January 22, 2018, 12:04 pm
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1 Philippine Peso = 0.07248 UAE Dirham
1 Philippine Peso = 2.15117 Albanian Lek
1 Philippine Peso = 0.03513 Neth Antilles Guilder
1 Philippine Peso = 0.37432 Argentine Peso
1 Philippine Peso = 0.02466 Australian Dollar
1 Philippine Peso = 0.03513 Aruba Florin
1 Philippine Peso = 0.03947 Barbados Dollar
1 Philippine Peso = 1.63391 Bangladesh Taka
1 Philippine Peso = 0.0315 Bulgarian Lev
1 Philippine Peso = 0.00743 Bahraini Dinar
1 Philippine Peso = 34.55654 Burundi Franc
1 Philippine Peso = 0.01974 Bermuda Dollar
1 Philippine Peso = 0.02619 Brunei Dollar
1 Philippine Peso = 0.13539 Bolivian Boliviano
1 Philippine Peso = 0.06307 Brazilian Real
1 Philippine Peso = 0.01974 Bahamian Dollar
1 Philippine Peso = 1.25863 Bhutan Ngultrum
1 Philippine Peso = 0.19114 Botswana Pula
1 Philippine Peso = 395.1056 Belarus Ruble
1 Philippine Peso = 0.03943 Belize Dollar
1 Philippine Peso = 0.02465 Canadian Dollar
1 Philippine Peso = 0.01899 Swiss Franc
1 Philippine Peso = 11.98717 Chilean Peso
1 Philippine Peso = 0.12629 Chinese Yuan
1 Philippine Peso = 56.09039 Colombian Peso
1 Philippine Peso = 11.14821 Costa Rica Colon
1 Philippine Peso = 0.01974 Cuban Peso
1 Philippine Peso = 1.78074 Cape Verde Escudo
1 Philippine Peso = 0.40983 Czech Koruna
1 Philippine Peso = 3.49517 Djibouti Franc
1 Philippine Peso = 0.12017 Danish Krone
1 Philippine Peso = 0.94356 Dominican Peso
1 Philippine Peso = 2.24754 Algerian Dinar
1 Philippine Peso = 0.25256 Estonian Kroon
1 Philippine Peso = 0.34873 Egyptian Pound
1 Philippine Peso = 0.537 Ethiopian Birr
1 Philippine Peso = 0.01614 Euro
1 Philippine Peso = 0.03952 Fiji Dollar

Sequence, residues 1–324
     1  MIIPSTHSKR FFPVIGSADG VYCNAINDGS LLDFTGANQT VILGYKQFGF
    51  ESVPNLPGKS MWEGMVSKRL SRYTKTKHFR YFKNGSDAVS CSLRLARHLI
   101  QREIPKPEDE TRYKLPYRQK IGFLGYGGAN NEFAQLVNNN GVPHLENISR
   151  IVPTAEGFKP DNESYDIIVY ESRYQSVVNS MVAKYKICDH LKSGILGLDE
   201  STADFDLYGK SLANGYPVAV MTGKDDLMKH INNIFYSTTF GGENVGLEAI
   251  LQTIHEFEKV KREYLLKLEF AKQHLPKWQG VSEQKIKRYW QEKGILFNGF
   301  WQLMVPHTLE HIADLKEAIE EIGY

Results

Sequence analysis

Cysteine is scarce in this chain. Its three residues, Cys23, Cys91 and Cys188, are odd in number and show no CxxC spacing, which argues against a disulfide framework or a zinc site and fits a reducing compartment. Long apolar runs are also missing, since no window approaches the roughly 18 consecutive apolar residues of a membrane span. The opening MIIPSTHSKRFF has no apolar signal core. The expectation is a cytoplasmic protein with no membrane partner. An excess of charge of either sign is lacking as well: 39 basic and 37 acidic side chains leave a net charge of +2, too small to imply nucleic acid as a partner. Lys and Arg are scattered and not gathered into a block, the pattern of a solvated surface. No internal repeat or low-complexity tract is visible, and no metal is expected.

1 Philippine Peso = 0.01423 Falkland Islands Pound
1 Philippine Peso = 0.01424 British Pound
1 Philippine Peso = 0.08955 Ghanaian Cedi
1 Philippine Peso = 0.95481 Gambian Dalasi
1 Philippine Peso = 177.50149 Guinea Franc
1 Philippine Peso = 0.14478 Guatemala Quetzal
1 Philippine Peso = 4.06335 Guyana Dollar
1 Philippine Peso = 0.15424 Hong Kong Dollar
1 Philippine Peso = 0.4645 Honduras Lempira
1 Philippine Peso = 0.11993 Croatian Kuna
1 Philippine Peso = 1.2536 Haiti Gourde
1 Philippine Peso = 4.98796 Hungarian Forint
1 Philippine Peso = 262.6801 Indonesian Rupiah
1 Philippine Peso = 0.06734 Israeli Shekel
1 Philippine Peso = 1.2595 Indian Rupee
1 Philippine Peso = 23.36688 Iraqi Dinar
1 Philippine Peso = 722.49855 Iran Rial
1 Philippine Peso = 2.02684 Iceland Krona
1 Philippine Peso = 2.44306 Jamaican Dollar
1 Philippine Peso = 0.01395 Jordanian Dinar
1 Philippine Peso = 2.18305 Japanese Yen
1 Philippine Peso = 2.02388 Kenyan Shilling
1 Philippine Peso = 1.36803 Kyrgyzstan Som
1 Philippine Peso = 79.05665 Cambodia Riel
1 Philippine Peso = 8.11131 Comoros Franc
1 Philippine Peso = 17.76199 North Korean Won
1 Philippine Peso = 21.05013 Korean Won
1 Philippine Peso = 0.00592 Kuwaiti Dinar
1 Philippine Peso = 0.01618 Cayman Islands Dollar
1 Philippine Peso = 6.40616 Kazakhstan Tenge
1 Philippine Peso = 163.40439 Lao Kip
1 Philippine Peso = 29.70989 Lebanese Pound
1 Philippine Peso = 3.03631 Sri Lanka Rupee
1 Philippine Peso = 2.51372 Liberian Dollar
1 Philippine Peso = 0.24018 Lesotho Loti
1 Philippine Peso = 0.06017 Lithuanian Lita
1 Philippine Peso = 0.01225 Latvian Lat
1 Philippine Peso = 0.02645 Libyan Dinar
1 Philippine Peso = 0.1822 Moroccan Dirham
1 Philippine Peso = 0.33221 Moldovan Leu
1 Philippine Peso = 0.99072 Macedonian Denar
1 Philippine Peso = 26.54431 Myanmar Kyat
1 Philippine Peso = 47.6416 Mongolian Tugrik
1 Philippine Peso = 0.15887 Macau Pataca
1 Philippine Peso = 6.94691 Mauritania Ougulya
1 Philippine Peso = 0.64535 Mauritius Rupee
1 Philippine Peso = 0.3059 Maldives Rufiyaa
1 Philippine Peso = 14.08092 Malawi Kwacha
1 Philippine Peso = 0.36718 Mexican Peso
1 Philippine Peso = 0.07768 Malaysian Ringgit
1 Philippine Peso = 0.24178 Namibian Dollar